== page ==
It was critically well received and it inspired more recent films such as “Gosford Park” and television shows such as “Downton Abbey” in that it detailed the relationship between powerful and wealthy people and those who served them. The film opened amidst much fanfare and it received the Oscar for best picture in the year of its release.

    April 21, 2014

  • St. Louis Post-Dispatch: Why poverty across the world matters to Americans

    A child starving in South Sudan should matter to Americans. That was the message delivered last week by Nancy Lindborg, whose job at the U.S. Agency for International Development is to lead a federal bureau spreading democracy and humanitarian assistance across the world.
    That world has reached a critical danger zone, with three high-level crises combining military conflict with humanitarian catastrophes affecting millions of innocents in Syria, the South Sudan and the Central African Republic.
    But back to that child.

    April 18, 2014

  • Government leadership complicit in overfilling prisons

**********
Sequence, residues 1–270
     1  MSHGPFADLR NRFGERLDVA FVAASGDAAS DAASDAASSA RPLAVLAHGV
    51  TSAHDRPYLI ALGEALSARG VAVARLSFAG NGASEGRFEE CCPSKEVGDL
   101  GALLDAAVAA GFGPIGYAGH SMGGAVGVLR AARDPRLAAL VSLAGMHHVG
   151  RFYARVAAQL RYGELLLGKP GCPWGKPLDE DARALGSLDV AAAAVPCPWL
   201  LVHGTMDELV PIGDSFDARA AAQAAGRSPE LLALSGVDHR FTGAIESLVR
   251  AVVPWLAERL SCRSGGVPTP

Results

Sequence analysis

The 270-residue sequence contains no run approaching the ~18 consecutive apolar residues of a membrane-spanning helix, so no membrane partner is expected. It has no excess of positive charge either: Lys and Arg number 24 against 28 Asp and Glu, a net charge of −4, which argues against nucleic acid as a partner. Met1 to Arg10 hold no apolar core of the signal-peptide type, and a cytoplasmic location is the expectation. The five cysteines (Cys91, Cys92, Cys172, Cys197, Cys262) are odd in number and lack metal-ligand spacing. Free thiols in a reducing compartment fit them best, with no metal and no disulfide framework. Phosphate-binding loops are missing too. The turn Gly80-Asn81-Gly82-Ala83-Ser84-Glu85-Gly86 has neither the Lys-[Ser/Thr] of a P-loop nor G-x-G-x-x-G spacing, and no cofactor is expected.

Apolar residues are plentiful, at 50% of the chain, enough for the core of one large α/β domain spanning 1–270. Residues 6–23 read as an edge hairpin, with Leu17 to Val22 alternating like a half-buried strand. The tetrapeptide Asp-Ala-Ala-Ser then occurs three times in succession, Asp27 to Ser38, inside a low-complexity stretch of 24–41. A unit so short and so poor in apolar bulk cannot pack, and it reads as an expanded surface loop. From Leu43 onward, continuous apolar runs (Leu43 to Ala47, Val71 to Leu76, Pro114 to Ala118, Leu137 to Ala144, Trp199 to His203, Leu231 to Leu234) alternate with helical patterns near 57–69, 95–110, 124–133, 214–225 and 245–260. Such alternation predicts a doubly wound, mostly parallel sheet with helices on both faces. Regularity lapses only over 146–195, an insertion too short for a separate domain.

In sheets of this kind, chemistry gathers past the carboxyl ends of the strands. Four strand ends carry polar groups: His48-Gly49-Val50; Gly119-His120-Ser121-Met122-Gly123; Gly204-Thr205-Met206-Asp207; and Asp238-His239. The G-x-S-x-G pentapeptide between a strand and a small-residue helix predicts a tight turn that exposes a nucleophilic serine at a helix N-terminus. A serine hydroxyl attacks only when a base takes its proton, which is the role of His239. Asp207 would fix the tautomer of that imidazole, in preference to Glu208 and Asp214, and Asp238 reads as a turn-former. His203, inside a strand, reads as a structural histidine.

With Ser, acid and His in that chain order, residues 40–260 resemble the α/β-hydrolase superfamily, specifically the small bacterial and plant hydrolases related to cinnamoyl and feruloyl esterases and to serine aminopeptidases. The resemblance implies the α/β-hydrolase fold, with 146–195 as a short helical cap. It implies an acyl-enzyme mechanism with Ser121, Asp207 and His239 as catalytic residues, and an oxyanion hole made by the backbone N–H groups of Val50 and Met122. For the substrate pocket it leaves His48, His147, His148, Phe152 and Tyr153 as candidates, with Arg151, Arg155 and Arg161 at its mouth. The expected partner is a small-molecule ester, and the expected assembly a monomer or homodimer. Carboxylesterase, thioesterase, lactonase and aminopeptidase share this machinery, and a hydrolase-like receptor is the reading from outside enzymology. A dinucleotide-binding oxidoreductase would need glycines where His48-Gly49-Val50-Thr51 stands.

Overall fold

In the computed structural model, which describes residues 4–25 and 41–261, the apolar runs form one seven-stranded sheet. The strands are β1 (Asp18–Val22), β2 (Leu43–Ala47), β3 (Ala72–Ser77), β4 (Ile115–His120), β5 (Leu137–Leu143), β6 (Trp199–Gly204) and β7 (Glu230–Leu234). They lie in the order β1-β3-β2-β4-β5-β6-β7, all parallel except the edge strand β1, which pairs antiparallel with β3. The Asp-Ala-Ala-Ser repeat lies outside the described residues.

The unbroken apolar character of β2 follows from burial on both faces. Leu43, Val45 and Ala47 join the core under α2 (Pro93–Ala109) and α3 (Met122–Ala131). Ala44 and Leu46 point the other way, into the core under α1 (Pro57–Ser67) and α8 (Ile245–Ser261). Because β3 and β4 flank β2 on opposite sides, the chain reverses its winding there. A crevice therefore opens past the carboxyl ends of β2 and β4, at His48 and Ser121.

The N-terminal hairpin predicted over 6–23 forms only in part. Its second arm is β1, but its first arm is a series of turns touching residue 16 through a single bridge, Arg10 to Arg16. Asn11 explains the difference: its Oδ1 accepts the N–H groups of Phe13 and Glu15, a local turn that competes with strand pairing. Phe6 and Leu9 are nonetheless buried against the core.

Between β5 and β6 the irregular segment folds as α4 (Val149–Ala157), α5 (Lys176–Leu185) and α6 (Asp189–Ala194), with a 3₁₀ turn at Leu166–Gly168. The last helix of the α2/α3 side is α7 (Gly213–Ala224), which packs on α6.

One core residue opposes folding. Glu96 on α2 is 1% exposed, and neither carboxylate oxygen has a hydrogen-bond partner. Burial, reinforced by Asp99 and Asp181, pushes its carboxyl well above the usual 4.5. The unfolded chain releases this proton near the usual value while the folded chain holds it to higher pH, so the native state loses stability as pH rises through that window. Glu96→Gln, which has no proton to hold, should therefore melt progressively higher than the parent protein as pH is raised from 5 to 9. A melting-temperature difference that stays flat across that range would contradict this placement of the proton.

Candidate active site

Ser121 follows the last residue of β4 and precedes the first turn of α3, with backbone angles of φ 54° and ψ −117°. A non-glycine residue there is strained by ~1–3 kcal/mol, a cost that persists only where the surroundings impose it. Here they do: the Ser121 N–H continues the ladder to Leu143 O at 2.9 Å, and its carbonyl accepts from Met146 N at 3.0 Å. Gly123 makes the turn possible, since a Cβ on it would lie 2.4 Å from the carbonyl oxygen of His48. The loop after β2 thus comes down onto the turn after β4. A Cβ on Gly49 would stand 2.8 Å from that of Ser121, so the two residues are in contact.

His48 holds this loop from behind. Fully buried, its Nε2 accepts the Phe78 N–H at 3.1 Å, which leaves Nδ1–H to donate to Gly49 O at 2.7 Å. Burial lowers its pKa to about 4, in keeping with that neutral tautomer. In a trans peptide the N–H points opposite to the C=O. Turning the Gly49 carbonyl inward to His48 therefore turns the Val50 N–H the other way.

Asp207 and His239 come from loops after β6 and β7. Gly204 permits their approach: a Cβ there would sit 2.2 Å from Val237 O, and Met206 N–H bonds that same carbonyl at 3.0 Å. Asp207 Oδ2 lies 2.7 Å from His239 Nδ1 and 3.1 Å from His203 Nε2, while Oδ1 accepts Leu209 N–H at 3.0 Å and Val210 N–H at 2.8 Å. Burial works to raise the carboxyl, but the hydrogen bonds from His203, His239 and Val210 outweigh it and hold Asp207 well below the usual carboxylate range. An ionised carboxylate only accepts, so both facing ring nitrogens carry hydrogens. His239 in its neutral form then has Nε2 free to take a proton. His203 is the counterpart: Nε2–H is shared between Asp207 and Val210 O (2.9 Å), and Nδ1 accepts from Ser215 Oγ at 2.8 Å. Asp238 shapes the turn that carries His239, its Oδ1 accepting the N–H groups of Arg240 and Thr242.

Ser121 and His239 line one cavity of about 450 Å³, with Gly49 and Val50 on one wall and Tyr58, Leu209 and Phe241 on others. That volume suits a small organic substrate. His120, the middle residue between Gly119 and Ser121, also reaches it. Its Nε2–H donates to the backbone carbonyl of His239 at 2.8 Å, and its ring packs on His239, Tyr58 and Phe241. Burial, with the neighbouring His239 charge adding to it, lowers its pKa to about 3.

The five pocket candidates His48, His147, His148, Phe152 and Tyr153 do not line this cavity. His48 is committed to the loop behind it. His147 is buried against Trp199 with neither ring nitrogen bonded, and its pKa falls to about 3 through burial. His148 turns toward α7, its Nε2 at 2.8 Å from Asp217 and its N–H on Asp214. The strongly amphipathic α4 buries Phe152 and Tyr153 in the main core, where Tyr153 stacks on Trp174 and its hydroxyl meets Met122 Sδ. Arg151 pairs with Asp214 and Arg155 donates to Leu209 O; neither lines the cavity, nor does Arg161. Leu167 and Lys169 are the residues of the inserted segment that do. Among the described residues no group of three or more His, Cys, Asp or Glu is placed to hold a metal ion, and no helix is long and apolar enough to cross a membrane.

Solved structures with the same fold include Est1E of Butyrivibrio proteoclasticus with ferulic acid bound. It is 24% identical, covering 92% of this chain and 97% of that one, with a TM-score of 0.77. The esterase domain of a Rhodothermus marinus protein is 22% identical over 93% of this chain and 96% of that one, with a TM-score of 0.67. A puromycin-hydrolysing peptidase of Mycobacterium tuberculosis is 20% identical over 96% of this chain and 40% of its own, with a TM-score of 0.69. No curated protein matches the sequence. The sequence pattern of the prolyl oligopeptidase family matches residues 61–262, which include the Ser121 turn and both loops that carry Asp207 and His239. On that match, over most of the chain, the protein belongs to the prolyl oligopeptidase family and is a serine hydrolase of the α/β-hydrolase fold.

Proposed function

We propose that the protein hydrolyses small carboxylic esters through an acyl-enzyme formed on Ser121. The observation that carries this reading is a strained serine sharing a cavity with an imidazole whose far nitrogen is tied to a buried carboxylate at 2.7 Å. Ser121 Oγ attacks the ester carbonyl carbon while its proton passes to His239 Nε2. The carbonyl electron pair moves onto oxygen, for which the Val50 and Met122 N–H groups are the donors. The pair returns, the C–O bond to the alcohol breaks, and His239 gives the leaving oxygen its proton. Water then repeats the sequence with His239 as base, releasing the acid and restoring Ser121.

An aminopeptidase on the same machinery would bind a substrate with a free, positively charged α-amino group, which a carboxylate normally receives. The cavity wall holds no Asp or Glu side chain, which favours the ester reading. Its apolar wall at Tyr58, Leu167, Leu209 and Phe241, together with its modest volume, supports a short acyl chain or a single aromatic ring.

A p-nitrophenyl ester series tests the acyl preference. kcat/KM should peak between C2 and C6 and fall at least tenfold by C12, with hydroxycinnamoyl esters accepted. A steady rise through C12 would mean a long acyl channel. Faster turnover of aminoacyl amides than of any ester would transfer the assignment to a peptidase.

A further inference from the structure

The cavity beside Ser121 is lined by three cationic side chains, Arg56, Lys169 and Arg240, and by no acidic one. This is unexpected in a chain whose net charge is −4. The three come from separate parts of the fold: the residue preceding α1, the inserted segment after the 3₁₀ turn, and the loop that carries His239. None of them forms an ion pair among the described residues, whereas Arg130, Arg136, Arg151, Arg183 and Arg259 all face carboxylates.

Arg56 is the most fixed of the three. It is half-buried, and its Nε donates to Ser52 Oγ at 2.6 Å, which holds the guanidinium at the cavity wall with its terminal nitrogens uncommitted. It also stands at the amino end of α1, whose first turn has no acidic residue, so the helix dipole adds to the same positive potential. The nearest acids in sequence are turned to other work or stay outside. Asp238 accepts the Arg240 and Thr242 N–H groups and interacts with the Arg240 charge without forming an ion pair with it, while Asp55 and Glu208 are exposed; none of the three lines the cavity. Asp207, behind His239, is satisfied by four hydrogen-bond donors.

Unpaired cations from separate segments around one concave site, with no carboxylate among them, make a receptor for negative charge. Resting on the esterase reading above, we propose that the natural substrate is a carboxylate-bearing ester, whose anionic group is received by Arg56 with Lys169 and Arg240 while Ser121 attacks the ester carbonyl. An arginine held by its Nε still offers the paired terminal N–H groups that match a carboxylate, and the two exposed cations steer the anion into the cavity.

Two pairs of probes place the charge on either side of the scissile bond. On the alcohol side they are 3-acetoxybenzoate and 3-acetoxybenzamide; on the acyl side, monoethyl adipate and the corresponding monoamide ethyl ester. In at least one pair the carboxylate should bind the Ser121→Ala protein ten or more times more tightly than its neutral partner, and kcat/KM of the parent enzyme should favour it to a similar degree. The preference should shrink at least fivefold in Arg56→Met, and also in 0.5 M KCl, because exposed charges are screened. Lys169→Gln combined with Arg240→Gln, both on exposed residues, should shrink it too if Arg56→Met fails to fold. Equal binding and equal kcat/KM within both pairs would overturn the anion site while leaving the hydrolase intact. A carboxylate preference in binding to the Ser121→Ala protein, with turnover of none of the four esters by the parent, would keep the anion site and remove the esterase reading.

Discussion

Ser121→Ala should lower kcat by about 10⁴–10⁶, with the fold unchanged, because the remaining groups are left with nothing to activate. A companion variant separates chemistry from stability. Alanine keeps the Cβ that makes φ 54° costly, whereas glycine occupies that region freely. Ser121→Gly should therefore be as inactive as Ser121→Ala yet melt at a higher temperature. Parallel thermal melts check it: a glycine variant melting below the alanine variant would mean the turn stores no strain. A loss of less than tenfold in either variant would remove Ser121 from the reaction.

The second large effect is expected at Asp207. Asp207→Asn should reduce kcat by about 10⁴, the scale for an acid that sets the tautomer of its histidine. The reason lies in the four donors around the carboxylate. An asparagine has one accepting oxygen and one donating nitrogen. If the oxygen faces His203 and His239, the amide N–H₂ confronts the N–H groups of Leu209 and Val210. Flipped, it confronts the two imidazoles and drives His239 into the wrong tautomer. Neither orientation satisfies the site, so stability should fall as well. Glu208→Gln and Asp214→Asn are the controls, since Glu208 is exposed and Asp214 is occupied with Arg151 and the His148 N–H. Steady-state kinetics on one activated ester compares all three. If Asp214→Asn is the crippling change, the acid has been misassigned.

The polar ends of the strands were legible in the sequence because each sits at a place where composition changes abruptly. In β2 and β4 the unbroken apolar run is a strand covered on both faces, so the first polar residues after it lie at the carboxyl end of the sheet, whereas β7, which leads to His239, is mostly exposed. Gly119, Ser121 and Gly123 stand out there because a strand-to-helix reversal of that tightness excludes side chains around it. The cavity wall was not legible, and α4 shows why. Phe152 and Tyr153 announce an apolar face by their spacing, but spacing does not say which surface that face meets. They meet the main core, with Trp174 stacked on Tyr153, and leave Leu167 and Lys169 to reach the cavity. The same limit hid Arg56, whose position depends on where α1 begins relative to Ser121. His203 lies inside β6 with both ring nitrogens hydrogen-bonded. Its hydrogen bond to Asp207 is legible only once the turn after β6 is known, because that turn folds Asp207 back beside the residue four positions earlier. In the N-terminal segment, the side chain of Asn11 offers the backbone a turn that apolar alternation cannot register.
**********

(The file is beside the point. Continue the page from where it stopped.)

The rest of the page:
One of the thorniest problems facing any society is the question of what to do with transgressors. Obviously, the more complicated a culture becomes, the more factors come into play in trying to figure out what to do with those who choose not to “play by the rules.”

    April 18, 2014

  • My best days are ones normal people take for granted

    It is a weekend for working around the house. My fiancee, Erin, and I have the baby’s room to paint and some IKEA furniture to assemble. I roll out of bed early — 10:30 — and get into my wheelchair. Erin is already making coffee in the kitchen.
    “I started the first wall,” she says. “I love that gray.” Erin never bugs me about sleeping late. For a few months after I was injured in the Boston Marathon bombings, I often slept 15 hours a day. The doctors said my body needed to heal. It must still be healing because I hardly ever see 8 a.m. anymore.

    April 18, 2014


Do you agree with a state budget proposal that takes some funds away from road and bridge projects to ramp up education funding by $29.85 million per year until schools are receiving $600 million more a year than they are now? In years in which 1 percent revenue growth does not occur in the general fund, the transfer would not take place.

     View Results